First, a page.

Should endings of novels be idealistic or realistic?

George Eliot remarked that ‘conclusions are the weak points of most authors.’  Should one opt for an ending that ties up all the loose ends, which may be satisfying for the reader, even though it’s unrealistic, or should one aim for a true to life ending even though it risks disappointing?

Henry James describes the ending of a novel as a ‘distribution at the last of prizes, pensions, husbands, wives, babies, millions, appended paragraphs, and cheerful remarks.’ Whilst that might be appropriate for certain genres, more convincing endings are open-ended. William Thackeray, in the conclusion to Vanity Fair, asks ‘Which of us is happy in this world? Which of us has his desire? or, having it, is satisfied?' Although Thackeray appears to reward his heroes and punish his villains, he also points out that uncomplicated joy is rare in human experience. His ending, perhaps unusual for the time, seems to me a good compromise: Amelia and Dobbin are married, Becky appears to achieve respectability, Little Rawdon, upon the death of his uncle Pitt and his cousin Pitt, becomes the heir of Queen's Crawley. However, all is not as it seems: we don’t imagine for one minute that Becky will become a nice person, and Amelia and Dobbin’s marriage is not the happy event it promised to be earlier in the novel. Thackeray has combined idealism with realism, thus simultaneously achieving social satire and offering his readers a down to earth conclusion that chimes more with our own experience of life.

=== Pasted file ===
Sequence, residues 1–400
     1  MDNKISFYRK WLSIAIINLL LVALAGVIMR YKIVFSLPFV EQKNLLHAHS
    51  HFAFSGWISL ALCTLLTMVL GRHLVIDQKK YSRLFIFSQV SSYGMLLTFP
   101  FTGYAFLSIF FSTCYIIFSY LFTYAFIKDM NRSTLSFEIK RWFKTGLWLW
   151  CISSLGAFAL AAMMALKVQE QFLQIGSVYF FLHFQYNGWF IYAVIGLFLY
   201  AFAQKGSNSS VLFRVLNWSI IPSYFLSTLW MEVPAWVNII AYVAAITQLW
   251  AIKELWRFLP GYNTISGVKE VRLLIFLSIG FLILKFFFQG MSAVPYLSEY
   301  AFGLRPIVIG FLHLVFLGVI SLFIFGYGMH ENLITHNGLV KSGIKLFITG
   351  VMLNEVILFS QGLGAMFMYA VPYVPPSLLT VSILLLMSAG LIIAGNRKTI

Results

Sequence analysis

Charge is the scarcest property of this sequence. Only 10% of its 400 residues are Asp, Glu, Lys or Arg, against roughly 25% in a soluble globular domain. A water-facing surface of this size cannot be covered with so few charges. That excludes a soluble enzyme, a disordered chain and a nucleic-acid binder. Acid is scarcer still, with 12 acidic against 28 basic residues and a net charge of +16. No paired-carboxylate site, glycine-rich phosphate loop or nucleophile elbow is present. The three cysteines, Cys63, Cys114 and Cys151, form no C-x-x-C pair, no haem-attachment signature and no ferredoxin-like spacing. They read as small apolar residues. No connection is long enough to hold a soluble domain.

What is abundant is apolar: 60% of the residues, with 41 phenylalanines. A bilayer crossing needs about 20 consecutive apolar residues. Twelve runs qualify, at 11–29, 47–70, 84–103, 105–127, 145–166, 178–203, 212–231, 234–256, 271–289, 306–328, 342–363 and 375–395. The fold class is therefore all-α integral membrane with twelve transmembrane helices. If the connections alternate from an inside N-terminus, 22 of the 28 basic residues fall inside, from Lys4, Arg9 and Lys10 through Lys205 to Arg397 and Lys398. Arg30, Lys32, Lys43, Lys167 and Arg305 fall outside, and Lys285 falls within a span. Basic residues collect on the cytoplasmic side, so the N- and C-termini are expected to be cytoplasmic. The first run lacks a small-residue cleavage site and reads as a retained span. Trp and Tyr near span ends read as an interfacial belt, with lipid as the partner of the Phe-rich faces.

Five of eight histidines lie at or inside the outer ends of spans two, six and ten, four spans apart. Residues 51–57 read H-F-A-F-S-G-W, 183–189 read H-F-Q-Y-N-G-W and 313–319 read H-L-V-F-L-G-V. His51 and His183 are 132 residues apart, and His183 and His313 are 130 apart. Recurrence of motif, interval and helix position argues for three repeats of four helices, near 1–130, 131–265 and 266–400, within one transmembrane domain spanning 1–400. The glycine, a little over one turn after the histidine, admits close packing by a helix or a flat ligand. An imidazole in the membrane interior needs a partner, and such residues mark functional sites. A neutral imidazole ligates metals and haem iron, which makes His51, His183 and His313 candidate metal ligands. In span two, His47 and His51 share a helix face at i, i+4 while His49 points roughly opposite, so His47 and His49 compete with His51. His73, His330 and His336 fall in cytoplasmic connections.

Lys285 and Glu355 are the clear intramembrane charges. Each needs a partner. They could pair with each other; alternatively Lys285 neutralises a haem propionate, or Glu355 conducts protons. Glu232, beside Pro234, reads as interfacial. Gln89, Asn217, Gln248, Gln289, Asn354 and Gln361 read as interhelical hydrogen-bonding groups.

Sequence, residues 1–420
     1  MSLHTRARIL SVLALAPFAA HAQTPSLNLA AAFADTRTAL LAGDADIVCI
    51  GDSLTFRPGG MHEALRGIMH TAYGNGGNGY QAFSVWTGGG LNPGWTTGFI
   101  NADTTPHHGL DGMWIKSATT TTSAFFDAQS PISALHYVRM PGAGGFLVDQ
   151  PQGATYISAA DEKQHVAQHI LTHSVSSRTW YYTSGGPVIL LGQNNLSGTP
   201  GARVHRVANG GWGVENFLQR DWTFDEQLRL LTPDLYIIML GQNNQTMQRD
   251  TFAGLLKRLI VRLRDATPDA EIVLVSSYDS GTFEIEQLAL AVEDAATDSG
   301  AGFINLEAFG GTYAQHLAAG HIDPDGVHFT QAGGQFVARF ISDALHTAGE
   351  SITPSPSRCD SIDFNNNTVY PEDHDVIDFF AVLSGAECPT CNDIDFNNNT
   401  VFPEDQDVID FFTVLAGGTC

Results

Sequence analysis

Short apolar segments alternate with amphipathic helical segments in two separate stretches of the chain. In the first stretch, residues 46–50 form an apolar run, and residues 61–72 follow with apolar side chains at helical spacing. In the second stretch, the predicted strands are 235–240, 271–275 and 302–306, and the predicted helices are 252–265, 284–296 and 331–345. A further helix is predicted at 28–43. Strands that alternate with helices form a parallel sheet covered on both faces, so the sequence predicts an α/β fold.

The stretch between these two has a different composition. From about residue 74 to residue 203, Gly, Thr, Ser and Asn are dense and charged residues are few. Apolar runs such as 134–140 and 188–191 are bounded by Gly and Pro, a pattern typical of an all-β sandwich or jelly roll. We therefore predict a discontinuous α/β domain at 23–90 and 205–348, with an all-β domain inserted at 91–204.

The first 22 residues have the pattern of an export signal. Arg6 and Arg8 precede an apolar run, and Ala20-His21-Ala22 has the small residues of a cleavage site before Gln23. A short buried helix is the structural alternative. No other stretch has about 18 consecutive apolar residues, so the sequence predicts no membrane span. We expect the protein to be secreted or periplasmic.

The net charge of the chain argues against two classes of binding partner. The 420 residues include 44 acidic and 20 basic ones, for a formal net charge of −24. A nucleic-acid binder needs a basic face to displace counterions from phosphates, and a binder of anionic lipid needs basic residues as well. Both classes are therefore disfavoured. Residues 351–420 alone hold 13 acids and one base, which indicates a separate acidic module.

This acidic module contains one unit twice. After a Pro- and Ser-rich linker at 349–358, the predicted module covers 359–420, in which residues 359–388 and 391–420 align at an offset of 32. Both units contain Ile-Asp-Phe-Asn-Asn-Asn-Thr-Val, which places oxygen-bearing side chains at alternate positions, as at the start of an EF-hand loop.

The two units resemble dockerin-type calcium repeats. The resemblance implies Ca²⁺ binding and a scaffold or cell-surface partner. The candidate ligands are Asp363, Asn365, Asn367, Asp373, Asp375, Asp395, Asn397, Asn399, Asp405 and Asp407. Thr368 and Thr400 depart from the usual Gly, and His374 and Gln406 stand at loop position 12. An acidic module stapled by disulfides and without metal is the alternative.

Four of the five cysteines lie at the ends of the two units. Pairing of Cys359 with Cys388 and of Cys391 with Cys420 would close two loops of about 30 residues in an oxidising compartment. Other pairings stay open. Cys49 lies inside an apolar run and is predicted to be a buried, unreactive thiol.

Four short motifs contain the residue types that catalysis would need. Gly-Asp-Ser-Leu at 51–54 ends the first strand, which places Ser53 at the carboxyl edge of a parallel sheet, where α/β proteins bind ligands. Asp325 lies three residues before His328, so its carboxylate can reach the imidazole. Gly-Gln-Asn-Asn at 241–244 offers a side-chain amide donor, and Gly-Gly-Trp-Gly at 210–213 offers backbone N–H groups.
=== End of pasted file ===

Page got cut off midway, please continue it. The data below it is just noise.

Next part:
If we emulate Thackeray in our choice of endings we will both soothe and challenge our readers – just like a classic novel should.

PlotGill ThompsonComment